School’s out, COVID restrictions are easing, the weather is warming and new life is emerging all around us. Open the door and step outside. Take a deep breath and look around. It’s hard to deny feeling at least a little hope and a sense of renewal. These external conditions can definitely help, but we know they aren’t the only ingredients that go into experiencing mental well-being. The journey to recovery requires us to find internal peace as well.
And for those of us who experience challenges to our mental health, including substance use, this often means seeking and accepting help from others. That’s why we try to make it as easy as possible to call for an appointment or to drop by our Connect to Care clinic to receive immediate support.
Mental well-being means thriving regardless of mental health or substance use challenges. It doesn’t mean we’re always happy or unaffected by our experiences, but it reflects how we cope with the ups and downs of everyday life. It is a condition of resilience, strength, and recovery.
As we transition into this new season of almost summer, we want to offer some reminders for actions each of us can take to strengthen, maintain, or achieve mental well-being:
We all have experienced some degree of social isolation and loneliness over the past several months. Contact with others is essential to mental well-being. Communication technology has been a saving grace for many of us, but treat yourself by connecting more in person, even if it’s just on a trip to the grocery store.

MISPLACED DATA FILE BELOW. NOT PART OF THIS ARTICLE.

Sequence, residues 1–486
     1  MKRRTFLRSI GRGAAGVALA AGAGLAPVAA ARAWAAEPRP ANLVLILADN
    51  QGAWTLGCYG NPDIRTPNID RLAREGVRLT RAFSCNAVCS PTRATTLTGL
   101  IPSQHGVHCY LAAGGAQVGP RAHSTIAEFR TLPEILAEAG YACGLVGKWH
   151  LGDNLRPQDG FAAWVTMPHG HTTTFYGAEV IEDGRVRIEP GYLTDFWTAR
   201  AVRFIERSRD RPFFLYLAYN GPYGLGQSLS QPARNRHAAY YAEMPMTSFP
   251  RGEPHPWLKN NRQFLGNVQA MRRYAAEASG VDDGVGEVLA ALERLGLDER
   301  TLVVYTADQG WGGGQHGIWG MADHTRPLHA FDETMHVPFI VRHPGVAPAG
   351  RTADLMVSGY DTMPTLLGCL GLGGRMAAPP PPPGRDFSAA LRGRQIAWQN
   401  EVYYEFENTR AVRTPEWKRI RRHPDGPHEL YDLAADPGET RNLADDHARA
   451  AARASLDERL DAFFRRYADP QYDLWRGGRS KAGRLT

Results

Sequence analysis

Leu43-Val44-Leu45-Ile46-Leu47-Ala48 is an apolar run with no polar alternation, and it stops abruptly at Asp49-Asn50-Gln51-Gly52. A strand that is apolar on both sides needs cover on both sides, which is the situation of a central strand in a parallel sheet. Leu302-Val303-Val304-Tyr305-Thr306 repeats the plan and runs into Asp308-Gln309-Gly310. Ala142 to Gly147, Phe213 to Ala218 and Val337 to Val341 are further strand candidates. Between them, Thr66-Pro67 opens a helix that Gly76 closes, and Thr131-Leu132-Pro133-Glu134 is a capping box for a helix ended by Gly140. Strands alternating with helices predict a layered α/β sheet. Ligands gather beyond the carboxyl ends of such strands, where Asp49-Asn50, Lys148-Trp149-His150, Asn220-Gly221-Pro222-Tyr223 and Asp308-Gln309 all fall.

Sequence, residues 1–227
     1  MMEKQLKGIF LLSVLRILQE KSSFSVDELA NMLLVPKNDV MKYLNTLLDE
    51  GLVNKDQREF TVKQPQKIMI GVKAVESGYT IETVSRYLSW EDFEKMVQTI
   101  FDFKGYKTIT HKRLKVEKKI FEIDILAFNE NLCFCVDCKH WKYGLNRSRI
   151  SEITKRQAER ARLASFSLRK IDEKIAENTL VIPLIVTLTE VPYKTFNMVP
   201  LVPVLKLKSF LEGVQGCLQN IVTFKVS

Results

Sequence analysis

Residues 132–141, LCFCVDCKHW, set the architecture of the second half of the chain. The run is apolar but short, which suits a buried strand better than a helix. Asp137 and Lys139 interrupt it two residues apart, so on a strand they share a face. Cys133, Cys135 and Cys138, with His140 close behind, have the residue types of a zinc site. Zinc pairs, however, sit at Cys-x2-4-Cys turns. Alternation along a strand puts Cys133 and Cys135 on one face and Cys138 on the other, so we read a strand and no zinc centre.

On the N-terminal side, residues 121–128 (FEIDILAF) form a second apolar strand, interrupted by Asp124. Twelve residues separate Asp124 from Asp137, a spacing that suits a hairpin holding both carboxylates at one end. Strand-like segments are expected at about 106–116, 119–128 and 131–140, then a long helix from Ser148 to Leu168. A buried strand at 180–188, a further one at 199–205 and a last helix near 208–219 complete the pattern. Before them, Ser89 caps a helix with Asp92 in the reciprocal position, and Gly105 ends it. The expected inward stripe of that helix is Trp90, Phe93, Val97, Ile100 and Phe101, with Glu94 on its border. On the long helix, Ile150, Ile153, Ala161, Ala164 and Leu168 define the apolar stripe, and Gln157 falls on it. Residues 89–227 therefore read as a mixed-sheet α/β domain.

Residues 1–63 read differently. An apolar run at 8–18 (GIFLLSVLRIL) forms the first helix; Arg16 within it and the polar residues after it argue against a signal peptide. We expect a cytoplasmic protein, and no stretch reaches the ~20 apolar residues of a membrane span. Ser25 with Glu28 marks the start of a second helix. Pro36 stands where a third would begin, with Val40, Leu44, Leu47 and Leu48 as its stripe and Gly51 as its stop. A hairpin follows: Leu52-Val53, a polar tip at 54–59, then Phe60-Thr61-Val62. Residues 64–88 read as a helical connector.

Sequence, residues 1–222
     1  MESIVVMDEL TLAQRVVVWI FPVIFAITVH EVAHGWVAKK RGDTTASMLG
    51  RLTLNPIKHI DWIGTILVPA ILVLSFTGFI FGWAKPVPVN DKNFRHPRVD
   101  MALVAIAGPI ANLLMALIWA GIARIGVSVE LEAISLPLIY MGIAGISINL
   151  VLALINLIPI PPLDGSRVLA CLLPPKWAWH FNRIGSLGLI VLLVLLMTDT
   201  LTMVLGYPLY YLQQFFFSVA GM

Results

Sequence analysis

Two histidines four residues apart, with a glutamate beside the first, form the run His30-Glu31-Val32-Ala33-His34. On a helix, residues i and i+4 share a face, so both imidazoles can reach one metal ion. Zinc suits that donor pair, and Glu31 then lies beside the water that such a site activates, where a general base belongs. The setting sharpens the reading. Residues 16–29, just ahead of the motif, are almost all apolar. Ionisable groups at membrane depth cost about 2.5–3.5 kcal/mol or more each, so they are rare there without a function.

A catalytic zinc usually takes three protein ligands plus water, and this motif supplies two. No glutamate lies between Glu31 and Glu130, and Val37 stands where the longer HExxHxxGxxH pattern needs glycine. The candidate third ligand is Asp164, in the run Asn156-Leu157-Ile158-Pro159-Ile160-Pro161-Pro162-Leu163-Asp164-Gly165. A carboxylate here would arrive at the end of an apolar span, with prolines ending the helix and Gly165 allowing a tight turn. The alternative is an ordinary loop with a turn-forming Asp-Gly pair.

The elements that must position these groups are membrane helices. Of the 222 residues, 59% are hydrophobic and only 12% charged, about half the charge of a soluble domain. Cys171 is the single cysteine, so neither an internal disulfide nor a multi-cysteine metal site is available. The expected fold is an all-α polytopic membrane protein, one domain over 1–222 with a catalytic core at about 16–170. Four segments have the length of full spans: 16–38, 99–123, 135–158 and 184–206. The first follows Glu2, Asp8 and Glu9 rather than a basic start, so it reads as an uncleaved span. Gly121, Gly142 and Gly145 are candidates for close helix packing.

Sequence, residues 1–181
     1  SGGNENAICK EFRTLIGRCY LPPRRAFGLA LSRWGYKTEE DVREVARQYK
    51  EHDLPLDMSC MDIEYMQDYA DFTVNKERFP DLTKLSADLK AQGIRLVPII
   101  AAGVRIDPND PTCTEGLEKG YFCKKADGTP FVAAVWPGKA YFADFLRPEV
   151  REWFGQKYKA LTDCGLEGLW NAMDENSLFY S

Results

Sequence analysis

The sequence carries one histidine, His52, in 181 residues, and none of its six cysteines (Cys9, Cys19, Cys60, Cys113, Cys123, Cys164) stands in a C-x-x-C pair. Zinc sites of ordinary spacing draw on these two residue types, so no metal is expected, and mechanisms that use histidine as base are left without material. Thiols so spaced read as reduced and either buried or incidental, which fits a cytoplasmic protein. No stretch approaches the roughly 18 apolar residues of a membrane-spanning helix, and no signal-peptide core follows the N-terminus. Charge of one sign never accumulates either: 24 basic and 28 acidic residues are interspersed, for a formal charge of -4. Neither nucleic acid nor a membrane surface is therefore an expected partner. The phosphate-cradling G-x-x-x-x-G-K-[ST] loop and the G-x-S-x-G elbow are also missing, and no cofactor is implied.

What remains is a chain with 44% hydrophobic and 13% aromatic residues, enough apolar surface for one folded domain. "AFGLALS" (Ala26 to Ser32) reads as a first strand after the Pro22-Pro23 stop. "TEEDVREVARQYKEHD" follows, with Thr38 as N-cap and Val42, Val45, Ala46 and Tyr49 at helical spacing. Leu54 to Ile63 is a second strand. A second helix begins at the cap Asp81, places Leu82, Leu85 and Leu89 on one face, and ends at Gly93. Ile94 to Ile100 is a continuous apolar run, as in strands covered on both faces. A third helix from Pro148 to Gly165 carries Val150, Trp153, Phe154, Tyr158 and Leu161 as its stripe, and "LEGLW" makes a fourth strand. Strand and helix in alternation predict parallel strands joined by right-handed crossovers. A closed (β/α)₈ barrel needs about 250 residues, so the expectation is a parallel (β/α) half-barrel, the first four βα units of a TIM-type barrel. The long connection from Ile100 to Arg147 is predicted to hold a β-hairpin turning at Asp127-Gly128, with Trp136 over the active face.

Our bodies have also felt the impact of our social isolation. We are made to move, and even if it’s no more than a few simple knee bends or trunk twists to start, getting the blood flowing with some physical movement and exercise nourishes our entire body with more oxygen. This is especially vital for our brains, where our thoughts and feelings reside.
A growing mind is a happy mind. Try something new, develop a new skill, play a new game, or go to a new place. We all are creators by nature, and so learning something new gives us purpose and builds self-esteem. Reading counts too!
Helping others can actually improve our own mental health as well. That’s why many of our programs include opportunities for peer-to-peer support. We see clients grow and develop together every day.
Healthful actions aren’t just about doing things. They also include having an active state of mind some describe as mindfulness. Mindfulness means to be attentive and aware in each moment. It can include being aware of our senses—smelling, hearing, touching, tasting, and seeing. Be aware of your body and the sensations you feel as you breathe and move or simply sit. Be conscious of your thoughts and feelings and the impact they have on your body. Look for ways to be present with others and at ease within yourself at the same time.
We will be out and about ourselves, and we look forward to renewing our presence in community events where we can share and support well-being together. In the meantime, we’re here to help if you need us.